#            lme4 has a function to perform a MCMC analysis on a
#            fitted model but there are bugs with the method
#            that need to be resolved.
#
# glmm in GLMMGibbs: beta release, limited choices: binomial and poisson
#            Use Bayesian inference. Can use glmmPQL for starting values.
#

#
#  glmmML
#

library(glmmML)
fit.ML <- glmmML( resp ~ sp(age.y) * Sex + time + Season + height_for_age,
data = ind,
cluster = id,
family = binomial )
summary( fit.ML )
coef( fit.ML )
str( fit.ML )

str(fitsp)
sqrt( diag( fitsp\$varFix))

# comparison with glmmPQL

comparison <- data.frame( "PQL_coef" = pc <- fixef( fitsp ) ,
"PQL_sd" = ps <- sqrt( diag( fitsp\$varFix)),
"PQL_z" = pc/ps,
"ML_coef" = mc <- coef(fit.ML),
"ML_sd" = ms <- fit.ML\$coef.sd,
"ML_z" = mc/ms)
comparison
# ML is more conservative. I would expect them to be more similar
# with a larger effective sample size and more observations per cluster.
#
# Limited G side, no R side, only two families, limited links,
# Few methods: (e.g. predict, resid, vcov do no exist yet) but it would
# probably be easy to write them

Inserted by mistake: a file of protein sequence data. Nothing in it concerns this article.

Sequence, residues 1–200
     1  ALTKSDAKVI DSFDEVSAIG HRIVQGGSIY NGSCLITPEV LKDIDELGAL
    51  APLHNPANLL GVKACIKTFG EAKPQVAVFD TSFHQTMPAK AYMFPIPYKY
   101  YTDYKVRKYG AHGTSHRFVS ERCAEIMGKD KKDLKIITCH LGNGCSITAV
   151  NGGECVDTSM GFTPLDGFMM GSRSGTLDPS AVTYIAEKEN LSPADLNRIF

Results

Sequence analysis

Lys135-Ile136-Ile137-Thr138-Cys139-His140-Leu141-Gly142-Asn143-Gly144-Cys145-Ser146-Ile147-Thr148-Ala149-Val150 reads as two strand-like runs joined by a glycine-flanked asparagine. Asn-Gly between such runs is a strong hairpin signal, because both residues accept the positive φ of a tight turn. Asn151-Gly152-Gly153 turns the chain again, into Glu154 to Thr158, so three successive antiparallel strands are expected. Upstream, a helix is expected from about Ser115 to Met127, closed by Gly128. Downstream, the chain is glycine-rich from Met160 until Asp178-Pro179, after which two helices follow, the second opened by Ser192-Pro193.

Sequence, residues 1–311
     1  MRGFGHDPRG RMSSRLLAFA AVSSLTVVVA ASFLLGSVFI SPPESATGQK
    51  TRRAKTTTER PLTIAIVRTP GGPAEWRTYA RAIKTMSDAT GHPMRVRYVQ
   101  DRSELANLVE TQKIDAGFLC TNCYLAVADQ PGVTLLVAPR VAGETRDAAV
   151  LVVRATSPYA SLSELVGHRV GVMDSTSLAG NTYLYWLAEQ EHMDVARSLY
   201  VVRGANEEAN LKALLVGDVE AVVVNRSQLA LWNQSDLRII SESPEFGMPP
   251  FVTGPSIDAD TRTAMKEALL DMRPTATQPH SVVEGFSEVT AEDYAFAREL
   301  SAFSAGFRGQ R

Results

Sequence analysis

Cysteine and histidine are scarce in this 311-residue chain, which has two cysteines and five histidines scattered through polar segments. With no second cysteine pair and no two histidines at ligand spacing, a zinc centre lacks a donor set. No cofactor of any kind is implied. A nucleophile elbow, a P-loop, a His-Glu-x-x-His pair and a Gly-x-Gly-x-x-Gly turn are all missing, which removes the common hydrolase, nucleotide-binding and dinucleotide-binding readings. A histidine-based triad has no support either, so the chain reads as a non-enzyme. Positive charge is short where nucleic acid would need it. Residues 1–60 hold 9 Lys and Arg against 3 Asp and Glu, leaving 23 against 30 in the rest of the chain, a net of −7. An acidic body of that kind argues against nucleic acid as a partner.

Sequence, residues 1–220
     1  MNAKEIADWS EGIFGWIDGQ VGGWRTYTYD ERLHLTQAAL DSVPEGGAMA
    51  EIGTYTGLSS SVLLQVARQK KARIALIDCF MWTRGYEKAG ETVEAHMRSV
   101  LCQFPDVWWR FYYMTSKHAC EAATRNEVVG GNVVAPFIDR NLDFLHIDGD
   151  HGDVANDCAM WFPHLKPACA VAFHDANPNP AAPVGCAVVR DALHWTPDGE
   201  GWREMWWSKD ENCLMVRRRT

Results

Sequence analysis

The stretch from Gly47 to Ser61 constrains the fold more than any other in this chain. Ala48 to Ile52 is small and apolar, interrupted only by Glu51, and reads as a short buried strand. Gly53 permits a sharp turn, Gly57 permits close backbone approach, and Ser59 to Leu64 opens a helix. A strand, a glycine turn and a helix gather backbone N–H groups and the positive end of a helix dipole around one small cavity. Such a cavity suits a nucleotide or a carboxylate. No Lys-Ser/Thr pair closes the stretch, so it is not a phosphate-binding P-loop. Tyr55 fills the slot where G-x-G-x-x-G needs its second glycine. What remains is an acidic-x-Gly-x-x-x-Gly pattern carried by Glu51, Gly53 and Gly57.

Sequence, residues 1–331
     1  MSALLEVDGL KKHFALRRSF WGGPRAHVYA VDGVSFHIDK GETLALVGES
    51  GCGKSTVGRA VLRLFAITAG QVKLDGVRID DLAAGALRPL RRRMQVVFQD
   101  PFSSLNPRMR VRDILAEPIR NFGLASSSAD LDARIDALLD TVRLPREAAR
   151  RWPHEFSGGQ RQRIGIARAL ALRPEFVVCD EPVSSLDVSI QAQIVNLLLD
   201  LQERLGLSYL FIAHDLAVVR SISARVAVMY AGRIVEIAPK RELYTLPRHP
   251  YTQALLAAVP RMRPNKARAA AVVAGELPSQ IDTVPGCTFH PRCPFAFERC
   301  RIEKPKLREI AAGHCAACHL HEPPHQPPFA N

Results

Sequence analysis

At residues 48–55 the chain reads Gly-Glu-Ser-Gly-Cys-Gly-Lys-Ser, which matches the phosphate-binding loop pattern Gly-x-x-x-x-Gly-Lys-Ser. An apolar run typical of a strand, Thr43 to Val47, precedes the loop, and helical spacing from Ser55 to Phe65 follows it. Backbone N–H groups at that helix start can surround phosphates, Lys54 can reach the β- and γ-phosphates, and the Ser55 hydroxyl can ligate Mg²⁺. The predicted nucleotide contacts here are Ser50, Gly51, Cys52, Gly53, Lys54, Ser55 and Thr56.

#

#
#  lmer
#

# recall:

fitsp <- glmmPQL( resp ~ sp(age.y) * Sex + time + Season + height_for_age, ind,
random = ~ 1 | id, family = binomial )

library( lme4 )  # this used to conflict with nlme and one would have
# I have experienced some problems but the two
# should work much better now

fitlmer <- lmer( resp ~ sp(age.y) * Sex + time + Season + height_for_age
+ (1|id), data = ind, family = binomial)
ss <- summary(fitlmer)
fixef( fitlmer)  # coefficient
sqrt( diag( vcov ( fitlmer )))   # their sds

# EXERCISE:
#
#    Add lmer to the comparison matrix.
#    Does lmer look closer to glmmPQL or to glmmML?
#    Plot the profile of coefs, sds and zs superposed for each method
#    What patterns emerge?
#

#
#
#  Summer projects
#
#
1) Add robust covariance option to 'wald'
2) Add influence diagnostics to nlme
3) Wald test for non-linear functions of parameters
4) Bootstrapping for mixed models
5) Weighted bootstrapping for mixed models
6) Clean up documentation for 'spida' and 'p3d'

```